November 3 – January 7, 2023
Thursday, November 3, 2022
6:00 – 8:00 p.m.
CLAMP is pleased to present “Mike Tyson,” an exhibition of photographs by Lori Grinker. The exhibition coincides with the release of Grinker’s monograph titled Mike Tyson (powerHouse Books, New York: 2022).
Grinker first met Mike Tyson in the early 1980s, when he was 13 years old training with legendary manager Cus D’amato in Catskill, New York.
Initially photographing D’amato and his young fighters, including Tyson, for a term assignment at Parsons, Grinker continued to work with the young prodigy, and their photographic relationship continued to flourish as Tyson’s star rose.
Eventually, Grinker was traveling the globe with Tyson as he racked up championships, rubbing elbows with celebrities like Madonna, Warren Beatty, Jack Nicholson, Jesse Jackson, and Donald Trump, to name a few.
The photographs presented in the exhibition “Mike Tyson” span this timeline, from Catskill in the early 1980s to Tokyo in 1990, where Tyson would lose his World Boxing Council title.
The world of boxing intrigued me: the electric atmosphere at matches, no matter how small the venue; the training that was like a dance, with footwork and speed, rhythm, and choreography. But I wasn’t there for the sport. My interest was the kids, where they came from and how boxing was changing their lives. Like me, they’d come in search of something. A way out, maybe. Or a way through to something else.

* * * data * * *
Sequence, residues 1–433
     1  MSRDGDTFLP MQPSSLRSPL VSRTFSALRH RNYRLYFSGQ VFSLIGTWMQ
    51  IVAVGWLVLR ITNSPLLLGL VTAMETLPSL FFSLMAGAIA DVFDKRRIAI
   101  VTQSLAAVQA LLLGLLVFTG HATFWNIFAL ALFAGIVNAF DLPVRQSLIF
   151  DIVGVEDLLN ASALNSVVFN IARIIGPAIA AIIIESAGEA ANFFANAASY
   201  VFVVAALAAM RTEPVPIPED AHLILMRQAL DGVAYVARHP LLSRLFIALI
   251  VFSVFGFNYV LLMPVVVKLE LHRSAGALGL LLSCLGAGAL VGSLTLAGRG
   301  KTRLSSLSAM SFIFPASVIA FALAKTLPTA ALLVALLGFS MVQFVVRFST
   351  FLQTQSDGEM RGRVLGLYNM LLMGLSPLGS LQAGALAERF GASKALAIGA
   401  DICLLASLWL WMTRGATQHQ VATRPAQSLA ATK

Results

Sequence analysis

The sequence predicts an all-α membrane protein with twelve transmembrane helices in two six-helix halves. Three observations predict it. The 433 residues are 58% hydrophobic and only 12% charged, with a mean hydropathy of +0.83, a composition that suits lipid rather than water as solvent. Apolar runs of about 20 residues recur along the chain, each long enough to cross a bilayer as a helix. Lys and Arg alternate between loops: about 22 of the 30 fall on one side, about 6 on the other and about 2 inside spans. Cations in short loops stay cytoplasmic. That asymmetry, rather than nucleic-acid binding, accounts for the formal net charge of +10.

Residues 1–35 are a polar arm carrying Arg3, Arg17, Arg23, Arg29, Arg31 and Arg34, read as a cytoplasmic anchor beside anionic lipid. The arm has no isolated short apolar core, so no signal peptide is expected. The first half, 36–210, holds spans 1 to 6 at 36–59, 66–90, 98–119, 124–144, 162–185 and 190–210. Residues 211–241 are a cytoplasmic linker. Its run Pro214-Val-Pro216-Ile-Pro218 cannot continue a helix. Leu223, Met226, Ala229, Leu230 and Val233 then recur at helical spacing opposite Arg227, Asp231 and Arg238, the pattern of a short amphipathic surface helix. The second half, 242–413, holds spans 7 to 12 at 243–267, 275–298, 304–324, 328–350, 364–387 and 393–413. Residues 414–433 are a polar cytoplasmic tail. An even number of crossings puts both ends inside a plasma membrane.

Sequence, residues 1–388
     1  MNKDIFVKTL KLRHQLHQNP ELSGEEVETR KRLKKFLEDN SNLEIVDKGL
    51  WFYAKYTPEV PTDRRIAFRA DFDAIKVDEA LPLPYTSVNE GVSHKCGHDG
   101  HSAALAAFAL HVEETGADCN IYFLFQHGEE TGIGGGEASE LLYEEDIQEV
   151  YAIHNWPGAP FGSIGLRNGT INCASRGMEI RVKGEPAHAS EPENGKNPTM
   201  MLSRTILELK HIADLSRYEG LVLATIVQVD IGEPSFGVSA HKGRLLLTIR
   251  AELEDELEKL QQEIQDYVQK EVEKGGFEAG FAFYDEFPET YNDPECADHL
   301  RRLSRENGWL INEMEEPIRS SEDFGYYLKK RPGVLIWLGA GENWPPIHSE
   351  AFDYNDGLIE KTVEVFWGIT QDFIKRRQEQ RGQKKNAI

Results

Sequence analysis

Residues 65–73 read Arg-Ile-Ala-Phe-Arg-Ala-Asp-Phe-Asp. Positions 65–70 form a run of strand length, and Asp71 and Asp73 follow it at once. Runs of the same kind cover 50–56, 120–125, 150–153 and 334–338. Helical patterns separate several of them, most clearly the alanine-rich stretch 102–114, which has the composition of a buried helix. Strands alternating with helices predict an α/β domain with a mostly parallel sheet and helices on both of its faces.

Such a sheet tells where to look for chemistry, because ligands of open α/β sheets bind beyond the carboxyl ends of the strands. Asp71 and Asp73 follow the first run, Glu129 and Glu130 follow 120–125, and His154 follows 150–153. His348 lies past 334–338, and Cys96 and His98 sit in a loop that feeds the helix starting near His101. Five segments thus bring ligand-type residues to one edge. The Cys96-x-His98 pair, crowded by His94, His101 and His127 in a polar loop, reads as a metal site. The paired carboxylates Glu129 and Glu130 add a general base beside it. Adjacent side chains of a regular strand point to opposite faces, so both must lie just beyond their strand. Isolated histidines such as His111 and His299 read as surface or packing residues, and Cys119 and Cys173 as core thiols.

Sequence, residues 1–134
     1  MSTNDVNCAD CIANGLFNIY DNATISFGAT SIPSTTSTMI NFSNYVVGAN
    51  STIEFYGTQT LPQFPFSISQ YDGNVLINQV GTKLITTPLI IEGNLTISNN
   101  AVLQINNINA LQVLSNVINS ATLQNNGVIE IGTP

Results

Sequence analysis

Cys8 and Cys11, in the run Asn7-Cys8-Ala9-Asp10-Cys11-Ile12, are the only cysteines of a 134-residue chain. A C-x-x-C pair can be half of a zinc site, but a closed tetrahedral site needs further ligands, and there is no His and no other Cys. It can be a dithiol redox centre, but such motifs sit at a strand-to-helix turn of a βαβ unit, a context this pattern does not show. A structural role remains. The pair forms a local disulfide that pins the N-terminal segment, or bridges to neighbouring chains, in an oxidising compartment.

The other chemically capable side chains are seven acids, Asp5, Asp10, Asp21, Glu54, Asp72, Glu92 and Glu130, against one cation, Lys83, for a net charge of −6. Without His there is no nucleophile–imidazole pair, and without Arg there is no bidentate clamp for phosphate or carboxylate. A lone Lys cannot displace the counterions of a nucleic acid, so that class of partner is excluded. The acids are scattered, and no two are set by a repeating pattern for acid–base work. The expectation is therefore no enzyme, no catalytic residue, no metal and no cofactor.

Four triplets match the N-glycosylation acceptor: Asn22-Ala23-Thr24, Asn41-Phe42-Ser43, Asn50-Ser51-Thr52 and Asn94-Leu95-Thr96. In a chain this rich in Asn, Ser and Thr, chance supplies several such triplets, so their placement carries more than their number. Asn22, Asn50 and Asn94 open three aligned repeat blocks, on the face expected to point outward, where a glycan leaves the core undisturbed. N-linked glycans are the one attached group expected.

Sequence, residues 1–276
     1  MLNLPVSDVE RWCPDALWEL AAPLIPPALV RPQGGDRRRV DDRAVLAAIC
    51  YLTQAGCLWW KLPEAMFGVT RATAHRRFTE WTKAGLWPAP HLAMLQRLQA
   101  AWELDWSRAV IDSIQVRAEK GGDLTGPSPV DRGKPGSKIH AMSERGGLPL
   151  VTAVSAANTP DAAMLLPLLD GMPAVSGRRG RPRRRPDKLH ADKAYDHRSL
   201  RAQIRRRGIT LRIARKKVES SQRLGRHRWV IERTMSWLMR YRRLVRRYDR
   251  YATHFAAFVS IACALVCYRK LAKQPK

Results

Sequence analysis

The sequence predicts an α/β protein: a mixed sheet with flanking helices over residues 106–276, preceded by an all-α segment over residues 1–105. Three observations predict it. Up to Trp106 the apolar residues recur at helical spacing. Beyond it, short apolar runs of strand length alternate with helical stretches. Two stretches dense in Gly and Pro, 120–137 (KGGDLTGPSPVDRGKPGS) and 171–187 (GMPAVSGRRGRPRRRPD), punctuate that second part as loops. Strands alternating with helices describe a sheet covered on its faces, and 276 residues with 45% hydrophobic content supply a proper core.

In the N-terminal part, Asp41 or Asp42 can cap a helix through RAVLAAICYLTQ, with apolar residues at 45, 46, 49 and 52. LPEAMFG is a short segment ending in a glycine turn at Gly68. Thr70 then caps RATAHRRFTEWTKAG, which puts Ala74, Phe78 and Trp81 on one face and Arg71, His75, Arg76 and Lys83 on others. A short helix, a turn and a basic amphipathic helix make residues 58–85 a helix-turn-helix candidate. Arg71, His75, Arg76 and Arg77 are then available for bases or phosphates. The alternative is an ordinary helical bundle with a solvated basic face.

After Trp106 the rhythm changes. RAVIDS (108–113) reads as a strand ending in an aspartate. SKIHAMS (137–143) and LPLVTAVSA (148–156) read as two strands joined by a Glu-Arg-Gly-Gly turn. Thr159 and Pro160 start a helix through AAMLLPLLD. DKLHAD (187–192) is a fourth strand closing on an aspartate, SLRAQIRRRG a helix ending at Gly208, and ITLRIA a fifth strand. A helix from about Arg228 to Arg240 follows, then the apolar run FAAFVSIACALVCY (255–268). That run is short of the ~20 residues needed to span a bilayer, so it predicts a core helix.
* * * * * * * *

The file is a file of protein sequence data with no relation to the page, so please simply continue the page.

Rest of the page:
Living in the house with Cus D’Amato meant that training went on all the time, including Cus demonstrating different moves at night in his bathrobe. Mike, I remember, was particularly studious. He read books about boxers and boxing history, and even had a movie projector in the attic, where he spent many nights watching old fights, studying moves.
He was a shy teen, exceedingly polite, and he didn’t love being photographed. But because Cus made me feel so welcome in the house, Mike accepted my presence and gradually began to get more comfortable with the camera.
On November 22, 1986, Mike won his first title fight against Trevor Berbick for the World Boxing Council (WBC) heavyweight championship, followed by the WBA and IBF titles. Overnight he seemed to go from being this shy kid wondering if he’d ever go out on a date, to having girls he didn’t know leave messages on his answering machine. He gained an entourage, including some old friends with their own agendas. I saw his rise and the beginning of his fall when he lost his WBC title. . .
I came to boxing as a student of photography. By chance I met a young fighter name Mike Tyson. We both turned pro around the same time. Mike’s world over the course of the following decade—years when he rose to the pinnacle of glory and then began to lose it all— is represented in these photographs.